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Powering past coal: what this means for the renewable energy sector

View profile for Iain Hibbert
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At the One Planet summit in Paris earlier this month, French president Emmanuel Macron led a meeting of minds from 50 countries to discuss worldwide action against climate change ahead of 2020, the year the Paris Agreement is due to come into force.

One of the standout moments emerging from the summit was the joint announcement from the UK and Canadian governments, as they confirmed the Powering Past Coal Alliance – launched at the COP23 UN Climate Summit in November - has expanded significantly to now include 58 worldwide organisations, including a host of high profile businesses, utilities and investors.

The Powering Past Coal Alliance takes a united approach to accelerate clean growth and climate protection through the rapid phase-out of traditional coal power, and achieving that phase-out in a sustainable and economically inclusive way.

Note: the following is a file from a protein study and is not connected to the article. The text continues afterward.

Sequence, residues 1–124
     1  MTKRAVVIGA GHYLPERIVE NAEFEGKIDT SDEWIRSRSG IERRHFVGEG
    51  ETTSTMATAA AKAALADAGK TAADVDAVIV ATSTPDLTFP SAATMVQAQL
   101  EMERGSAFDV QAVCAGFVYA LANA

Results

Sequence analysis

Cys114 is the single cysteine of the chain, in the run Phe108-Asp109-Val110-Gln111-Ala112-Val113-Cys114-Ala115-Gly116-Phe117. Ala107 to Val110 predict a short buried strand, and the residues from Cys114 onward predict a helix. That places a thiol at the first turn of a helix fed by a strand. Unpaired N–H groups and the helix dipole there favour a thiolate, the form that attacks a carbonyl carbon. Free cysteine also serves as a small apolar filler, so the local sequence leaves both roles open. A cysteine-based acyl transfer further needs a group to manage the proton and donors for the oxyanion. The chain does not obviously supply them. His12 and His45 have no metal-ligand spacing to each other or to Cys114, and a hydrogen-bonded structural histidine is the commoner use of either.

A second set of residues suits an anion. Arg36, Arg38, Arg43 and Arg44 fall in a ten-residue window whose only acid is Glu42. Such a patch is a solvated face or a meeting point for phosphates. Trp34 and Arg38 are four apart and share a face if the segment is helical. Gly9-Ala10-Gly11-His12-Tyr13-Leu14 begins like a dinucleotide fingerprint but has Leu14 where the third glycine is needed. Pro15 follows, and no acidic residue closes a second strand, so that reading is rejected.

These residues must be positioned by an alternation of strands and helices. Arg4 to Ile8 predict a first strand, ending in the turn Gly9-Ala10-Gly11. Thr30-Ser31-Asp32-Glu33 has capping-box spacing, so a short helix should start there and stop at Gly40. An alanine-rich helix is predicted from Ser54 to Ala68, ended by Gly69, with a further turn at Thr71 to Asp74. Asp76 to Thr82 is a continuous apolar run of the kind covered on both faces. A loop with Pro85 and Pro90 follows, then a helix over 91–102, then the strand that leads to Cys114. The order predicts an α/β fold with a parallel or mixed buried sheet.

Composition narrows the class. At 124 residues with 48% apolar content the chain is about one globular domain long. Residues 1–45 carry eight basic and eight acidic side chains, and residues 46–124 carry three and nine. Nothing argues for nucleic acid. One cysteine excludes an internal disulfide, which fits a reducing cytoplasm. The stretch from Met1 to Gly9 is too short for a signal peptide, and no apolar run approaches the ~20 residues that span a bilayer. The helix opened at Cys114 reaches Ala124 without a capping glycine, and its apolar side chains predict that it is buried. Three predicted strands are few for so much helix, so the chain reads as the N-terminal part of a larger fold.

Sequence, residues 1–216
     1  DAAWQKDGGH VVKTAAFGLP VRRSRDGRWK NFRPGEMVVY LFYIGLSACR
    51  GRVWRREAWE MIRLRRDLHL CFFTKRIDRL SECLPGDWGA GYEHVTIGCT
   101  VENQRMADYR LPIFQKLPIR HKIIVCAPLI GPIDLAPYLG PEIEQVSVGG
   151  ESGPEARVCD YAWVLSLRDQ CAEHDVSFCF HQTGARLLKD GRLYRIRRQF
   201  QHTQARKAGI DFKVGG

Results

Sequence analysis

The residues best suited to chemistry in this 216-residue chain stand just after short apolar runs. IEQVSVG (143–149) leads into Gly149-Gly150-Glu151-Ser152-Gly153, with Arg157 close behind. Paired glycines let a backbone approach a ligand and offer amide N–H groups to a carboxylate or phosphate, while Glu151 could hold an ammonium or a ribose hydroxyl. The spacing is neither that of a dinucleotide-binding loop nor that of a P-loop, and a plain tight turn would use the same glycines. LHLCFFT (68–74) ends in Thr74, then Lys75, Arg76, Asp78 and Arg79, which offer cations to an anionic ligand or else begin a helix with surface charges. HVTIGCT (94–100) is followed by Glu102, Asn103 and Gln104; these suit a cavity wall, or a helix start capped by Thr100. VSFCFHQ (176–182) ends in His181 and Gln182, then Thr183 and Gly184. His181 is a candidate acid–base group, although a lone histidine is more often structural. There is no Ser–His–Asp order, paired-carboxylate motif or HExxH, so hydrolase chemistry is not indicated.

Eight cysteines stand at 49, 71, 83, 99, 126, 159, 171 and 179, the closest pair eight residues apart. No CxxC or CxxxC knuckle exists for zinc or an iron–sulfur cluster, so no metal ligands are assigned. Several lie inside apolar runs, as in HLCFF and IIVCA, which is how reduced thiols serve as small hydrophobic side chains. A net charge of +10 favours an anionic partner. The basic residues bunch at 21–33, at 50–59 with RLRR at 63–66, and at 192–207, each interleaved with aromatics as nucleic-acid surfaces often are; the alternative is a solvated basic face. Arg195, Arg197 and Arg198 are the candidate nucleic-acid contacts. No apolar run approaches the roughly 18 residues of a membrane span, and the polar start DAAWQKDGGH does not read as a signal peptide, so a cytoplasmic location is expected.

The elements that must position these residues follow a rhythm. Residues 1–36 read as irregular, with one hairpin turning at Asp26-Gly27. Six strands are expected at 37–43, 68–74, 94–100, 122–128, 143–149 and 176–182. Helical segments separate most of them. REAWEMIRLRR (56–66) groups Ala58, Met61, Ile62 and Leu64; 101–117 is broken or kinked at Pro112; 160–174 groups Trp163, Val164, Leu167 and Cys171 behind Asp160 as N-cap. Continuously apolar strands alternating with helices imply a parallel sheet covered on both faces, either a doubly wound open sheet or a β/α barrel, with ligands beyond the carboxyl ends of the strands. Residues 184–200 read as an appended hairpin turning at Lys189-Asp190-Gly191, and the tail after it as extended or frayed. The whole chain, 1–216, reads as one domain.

Phasing out coal power is a pragmatic and necessary step toward meeting the Paris Agreement, and by committing to powering its operations without coal, restricting financing to new coal-fired power stations and increasing support for clean power, there has been a significant worldwide leap towards financing cleaner energy choices.

The commitment to reduce coal-powered energy is a clear declaration of support to the renewable energy sector and the next stage of the ‘energy revolution’. Increasingly, clean power is becoming cheap power, with the costs of renewable electricity technology, such as wind and solar, falling dramatically in recent years.

This, in unison with rising oil prices and increased taxation on non-environmentally friendly entities - such as the proposed one-off tax on the sales of new diesel cars, for example - has resulted in a fresh new look at how we, from government to the general public, produce our energy and reduce our impact on the environment.

That being said, changes to subsidy levels over recent years have hit the sector hard, and in particular solar energy, but there are still opportunities for the ‘right’ projects. According to the Government’s own figures, solar power is expected to become the cheapest form of electricity generation sometime in the 2020s, meaning early investment could begin to reap dividends much sooner on both an environmental and a financial level.

If you are a landowner or developer and think we may be able to advise on an upcoming project, or you would like more information about the subject, our experienced team would be happy to speak to you.